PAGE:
Hugh Jamieson Elles
1917 portrait by William Orpen.
Born27 May 1880
British India
Died11 July 1945(1945-07-11) (aged 65)
London, England
Allegiance United Kingdom
Service/branch British Army
Years of service1899–1938
RankLieutenant General
Service number349
UnitRoyal Engineers
Royal Tank Corps
Commands heldRoyal Tank Corps
9th Infantry Brigade
42nd (East Lancashire) Infantry Division
Battles/warsSecond Boer War
World War I
AwardsKnight Commander of the Order of the Bath
Knight Commander of the Order of St Michael and St George
Knight Commander of the Royal Victorian Order
Distinguished Service Order

Lieutenant General Sir Hugh Jamieson Elles KCB KCMG KCVO DSO (27 May 1880 – 11 July 1945) was a British officer and the first commander of the newly formed Tank Corps during the First World War.

Early life

Born in British India on 27 May 1880, Hugh Jamieson Elles was the younger son of Sir Edmond Alles. Returning to England, he was educated at Clifton College,[1] and the Royal Military Academy, Woolwich, after which he was commissioned as a second lieutenant into the Royal Engineers in June 1899. He served in South Africa during the latter part of the Second Boer War and then undertook regimental duty in Aldershot. In 1913 he attended the Staff College, Camberley.[2]

World War I

King George V with Major-General Hugh Elles inspecting tanks and crews at Sautricourt, 10 August 1918.

On the outbreak of World War I in August 1914, he was posted to the staff of the 4th Division and departed for France soon afterwards. He served at Le Cateau, then took part in the Retreat to the Seine and the battle of the Aisne, where the German Army was halted. He then moved north with the British Expeditionary Force (BEF) to Flanders, taking part in the Battle of Armentières in October 1914. In February 1915, he was promoted to brevet major and served as the brigade major of the 10th Brigade. He was wounded during the brigades' counterattack, on 25 April 1915, during the Second Battle of Ypres.[3]

In August 1915, after recovering from his injuries, Elles was one of three officers specially selected by General Sir William Robertson, soon to be Chief of the Imperial General Staff (CIGS), the professional head of the British Army, to liaise with troops at the front and pass the information directly to the British General Headquarters (GHQ). In January 1916, as a General Staff Officer (GSO), Elles was sent by General Sir Douglas Haig, the Commander-in-Chief (C-in-C) of the BEF on the Western Front, to investigate the first tanks or "caterpillars" being built in England. He attended the first trials of "Mother" and reported back to Haig on its success. During the summer of 1916, Elles, who in June had been awarded the Distinguished Service Order (DSO),[4] was tasked to report back from the Somme, where the tanks were first used. Promoted to the temporary rank of colonel, Elles was appointed to head the Heavy Branch (the first tank units) of the Machine Gun Corps in France on 29 September 1916.[3]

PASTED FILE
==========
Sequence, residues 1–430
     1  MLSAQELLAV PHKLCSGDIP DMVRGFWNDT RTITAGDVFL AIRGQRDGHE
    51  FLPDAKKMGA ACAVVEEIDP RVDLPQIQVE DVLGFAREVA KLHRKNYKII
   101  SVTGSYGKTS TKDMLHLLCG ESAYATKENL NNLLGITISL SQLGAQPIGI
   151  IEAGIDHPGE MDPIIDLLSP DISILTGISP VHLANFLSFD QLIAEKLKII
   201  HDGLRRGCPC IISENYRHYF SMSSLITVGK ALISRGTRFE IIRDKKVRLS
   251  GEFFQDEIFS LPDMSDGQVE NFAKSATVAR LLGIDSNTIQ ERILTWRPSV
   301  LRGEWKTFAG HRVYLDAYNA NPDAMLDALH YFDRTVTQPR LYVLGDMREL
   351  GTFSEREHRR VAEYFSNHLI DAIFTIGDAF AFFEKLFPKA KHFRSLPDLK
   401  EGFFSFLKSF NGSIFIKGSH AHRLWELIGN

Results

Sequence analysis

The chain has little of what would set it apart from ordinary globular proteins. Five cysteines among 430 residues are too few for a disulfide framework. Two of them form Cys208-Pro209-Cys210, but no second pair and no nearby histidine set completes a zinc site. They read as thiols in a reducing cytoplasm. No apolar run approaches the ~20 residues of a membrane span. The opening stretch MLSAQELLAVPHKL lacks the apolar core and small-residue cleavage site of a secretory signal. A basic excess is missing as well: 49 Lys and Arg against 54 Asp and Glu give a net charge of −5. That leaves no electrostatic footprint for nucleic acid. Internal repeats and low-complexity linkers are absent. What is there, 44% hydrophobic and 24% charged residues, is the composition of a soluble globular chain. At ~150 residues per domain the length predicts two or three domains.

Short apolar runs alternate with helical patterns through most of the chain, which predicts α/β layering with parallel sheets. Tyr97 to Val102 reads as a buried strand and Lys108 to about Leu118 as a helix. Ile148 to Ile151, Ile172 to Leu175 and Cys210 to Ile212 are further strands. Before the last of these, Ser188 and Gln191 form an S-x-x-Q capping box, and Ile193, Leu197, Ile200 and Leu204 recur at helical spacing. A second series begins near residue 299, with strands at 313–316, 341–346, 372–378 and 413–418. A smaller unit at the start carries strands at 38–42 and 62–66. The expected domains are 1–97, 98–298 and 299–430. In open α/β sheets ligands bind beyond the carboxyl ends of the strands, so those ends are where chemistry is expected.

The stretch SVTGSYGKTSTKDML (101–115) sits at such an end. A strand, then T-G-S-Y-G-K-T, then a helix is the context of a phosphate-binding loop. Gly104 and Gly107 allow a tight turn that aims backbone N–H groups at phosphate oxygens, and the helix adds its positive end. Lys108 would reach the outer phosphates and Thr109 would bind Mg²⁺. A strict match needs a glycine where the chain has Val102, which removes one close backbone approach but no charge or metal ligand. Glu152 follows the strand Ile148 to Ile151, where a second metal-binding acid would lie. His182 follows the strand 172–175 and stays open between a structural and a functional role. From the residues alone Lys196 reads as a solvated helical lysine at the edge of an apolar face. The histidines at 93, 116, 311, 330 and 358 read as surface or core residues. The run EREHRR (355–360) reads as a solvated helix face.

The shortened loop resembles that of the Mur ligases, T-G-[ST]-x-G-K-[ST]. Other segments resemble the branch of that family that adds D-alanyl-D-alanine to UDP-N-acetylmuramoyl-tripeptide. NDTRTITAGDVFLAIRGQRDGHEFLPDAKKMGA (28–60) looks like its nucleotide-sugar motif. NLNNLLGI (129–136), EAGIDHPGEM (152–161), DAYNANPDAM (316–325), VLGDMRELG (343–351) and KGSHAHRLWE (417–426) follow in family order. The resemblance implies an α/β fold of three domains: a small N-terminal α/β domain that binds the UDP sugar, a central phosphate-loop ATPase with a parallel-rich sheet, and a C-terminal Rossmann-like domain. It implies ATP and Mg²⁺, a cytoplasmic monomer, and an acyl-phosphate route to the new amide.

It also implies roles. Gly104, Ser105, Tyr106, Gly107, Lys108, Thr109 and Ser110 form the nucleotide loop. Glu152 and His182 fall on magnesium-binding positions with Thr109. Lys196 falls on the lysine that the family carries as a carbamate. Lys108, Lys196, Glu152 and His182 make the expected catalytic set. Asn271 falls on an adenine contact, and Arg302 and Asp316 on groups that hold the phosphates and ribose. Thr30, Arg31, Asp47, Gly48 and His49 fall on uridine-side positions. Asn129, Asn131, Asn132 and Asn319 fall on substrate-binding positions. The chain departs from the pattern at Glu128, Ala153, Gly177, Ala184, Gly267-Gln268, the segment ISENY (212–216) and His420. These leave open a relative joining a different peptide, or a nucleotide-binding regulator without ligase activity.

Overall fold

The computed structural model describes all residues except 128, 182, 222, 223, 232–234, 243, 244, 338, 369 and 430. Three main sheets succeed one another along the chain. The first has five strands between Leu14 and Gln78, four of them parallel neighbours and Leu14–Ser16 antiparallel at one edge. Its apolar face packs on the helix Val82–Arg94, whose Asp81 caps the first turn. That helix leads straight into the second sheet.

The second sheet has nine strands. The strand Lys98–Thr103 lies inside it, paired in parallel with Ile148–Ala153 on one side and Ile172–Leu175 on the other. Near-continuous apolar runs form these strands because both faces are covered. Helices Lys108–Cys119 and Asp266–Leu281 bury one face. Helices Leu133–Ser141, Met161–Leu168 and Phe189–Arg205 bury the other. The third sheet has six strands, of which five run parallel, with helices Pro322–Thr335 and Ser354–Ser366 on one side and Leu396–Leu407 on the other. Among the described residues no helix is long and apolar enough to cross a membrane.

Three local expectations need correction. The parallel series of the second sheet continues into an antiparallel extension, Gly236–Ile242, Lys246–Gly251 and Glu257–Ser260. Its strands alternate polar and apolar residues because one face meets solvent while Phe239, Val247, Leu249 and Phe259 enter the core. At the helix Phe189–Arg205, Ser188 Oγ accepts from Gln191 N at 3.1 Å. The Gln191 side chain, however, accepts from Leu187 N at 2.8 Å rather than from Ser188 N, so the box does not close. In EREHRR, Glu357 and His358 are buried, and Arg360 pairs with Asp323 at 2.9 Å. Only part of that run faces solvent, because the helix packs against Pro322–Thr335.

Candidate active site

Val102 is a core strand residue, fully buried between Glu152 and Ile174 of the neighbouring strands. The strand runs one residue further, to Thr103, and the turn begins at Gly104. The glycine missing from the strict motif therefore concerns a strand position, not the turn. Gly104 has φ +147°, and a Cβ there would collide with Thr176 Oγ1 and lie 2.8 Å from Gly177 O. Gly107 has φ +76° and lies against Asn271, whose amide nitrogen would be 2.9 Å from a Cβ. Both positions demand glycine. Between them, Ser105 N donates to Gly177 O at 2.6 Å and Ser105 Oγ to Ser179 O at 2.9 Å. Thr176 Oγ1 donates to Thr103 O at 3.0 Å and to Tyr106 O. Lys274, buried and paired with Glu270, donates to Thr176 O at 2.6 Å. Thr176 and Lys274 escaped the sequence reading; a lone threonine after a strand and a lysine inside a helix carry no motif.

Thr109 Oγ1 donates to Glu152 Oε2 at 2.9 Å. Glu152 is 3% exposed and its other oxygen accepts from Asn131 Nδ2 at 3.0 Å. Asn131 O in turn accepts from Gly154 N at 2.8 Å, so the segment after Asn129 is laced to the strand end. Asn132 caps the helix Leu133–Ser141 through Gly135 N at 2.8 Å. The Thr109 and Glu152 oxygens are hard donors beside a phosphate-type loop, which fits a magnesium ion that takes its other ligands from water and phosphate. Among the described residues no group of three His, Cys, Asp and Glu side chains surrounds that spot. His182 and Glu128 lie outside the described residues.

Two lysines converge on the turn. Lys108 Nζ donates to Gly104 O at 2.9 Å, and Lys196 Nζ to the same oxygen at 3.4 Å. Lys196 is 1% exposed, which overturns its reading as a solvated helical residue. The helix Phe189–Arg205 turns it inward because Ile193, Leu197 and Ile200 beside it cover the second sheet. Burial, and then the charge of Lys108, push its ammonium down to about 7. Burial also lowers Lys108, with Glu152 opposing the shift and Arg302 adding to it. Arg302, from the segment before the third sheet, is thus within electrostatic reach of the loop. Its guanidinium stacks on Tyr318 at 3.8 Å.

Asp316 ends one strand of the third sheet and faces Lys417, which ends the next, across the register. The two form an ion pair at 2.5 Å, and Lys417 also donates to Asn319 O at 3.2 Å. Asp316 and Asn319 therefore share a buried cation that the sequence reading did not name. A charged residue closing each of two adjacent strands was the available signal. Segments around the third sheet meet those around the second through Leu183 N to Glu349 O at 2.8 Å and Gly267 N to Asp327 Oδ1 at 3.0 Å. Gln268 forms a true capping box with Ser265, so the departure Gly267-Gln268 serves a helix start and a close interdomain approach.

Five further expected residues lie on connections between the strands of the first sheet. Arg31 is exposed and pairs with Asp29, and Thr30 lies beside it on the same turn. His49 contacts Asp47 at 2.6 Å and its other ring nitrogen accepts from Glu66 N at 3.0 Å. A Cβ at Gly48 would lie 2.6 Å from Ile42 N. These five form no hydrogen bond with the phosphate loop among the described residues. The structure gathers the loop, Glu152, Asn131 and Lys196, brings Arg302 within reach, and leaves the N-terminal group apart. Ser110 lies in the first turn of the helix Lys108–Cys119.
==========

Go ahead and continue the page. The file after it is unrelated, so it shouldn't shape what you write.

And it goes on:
Having seen the tanks achieve little success during the Battle of Passchendaele because of the exceptionally wet ground conditions of the autumn 1917, he pressed Haig to use massed tanks on the drier, open ground at Cambrai. On 20 November 1917 he personally led 350 tanks into battle at Cambrai in a Mark IV tank called Hilda, named after a favourite aunt.[5] Elles continued to command the Tank Corps until Germany's surrender in November 1918.[2]

For his services during the war he was awarded the Army Distinguished Service Medal by the Government of the United States. The citation for the medal reads:

The President of the United States of America, authorized by Act of Congress, July 9, 1918, takes pleasure in presenting the Army Distinguished Service Medal to Major General Hugh J. Elles, Royal British Army, for exceptionally meritorious and distinguished service in a position of great responsibility to the Government of the United States, during World War I. While Commanding the Tank Corps, British Expeditionary Forces, General Elles rendered invaluable service to the American Expeditionary Forces and to the cause in which the United States has been engaged.[6]

Later career

After the war, he commanded the Tank Corps Training Centre from 1919 to 1923[2] and was Inspector of Tank Corps at the War Office. He then commanded the 9th Infantry Brigade being posted to HQ Eastern Command as Chief of Staff in August 1926. In 1930 he was appointed Director of Military Training at the War Office[2] and then, in 1933, became General Officer Commanding (GOC) of the 42nd (East Lancashire) Infantry Division, a Territorial Army formation, for a few months.[2] In April 1934, he was appointed Master-General of the Ordnance in the rank of lieutenant general;[2] he was also the head of the Mechanisation Branch for which his previous service made him particularly suitable. He retired in 1938 and was Civil Defence Commissioner for South West England during the Second World War.[2]

Elles was married three times, his first two wives dying before him. He died in London on 11 July 1945.[2]


  1. ^ "Clifton College Register" Muirhead, J.A.O. ref no 4717: Bristol; J.W Arrowsmith for Old Cliftonian Society; April, 1948
  2. ^ a b c d e f g h Travers, Tim (2009). The Killing Ground. Pen and Sword. ISBN 978-1844158898.
  3. ^ a b Lawrance, Wendy (2013). Exercise Tiger: The Forgotten Sacrifice of the Silent Few. Fonthill. ISBN 978-1781551103.
  4. ^ "No. 29608". The London Gazette (Supplement). 2 June 1916. p. 5567.
  5. ^ Fuller, J.F.C. (1936). Memoirs of an unconventional soldier. Nicholson & Watson. p. 200.
  6. ^ "Valor awards for Hugh J. Elles". Military Times.
Military offices Preceded byArthur McNamara GOC 42nd (East Lancashire) Infantry Division 1933–1934 Succeeded byKenneth Buchanan Preceded bySir Ronald Charles Master-General of the Ordnance 1934–1938 Succeeded byVacant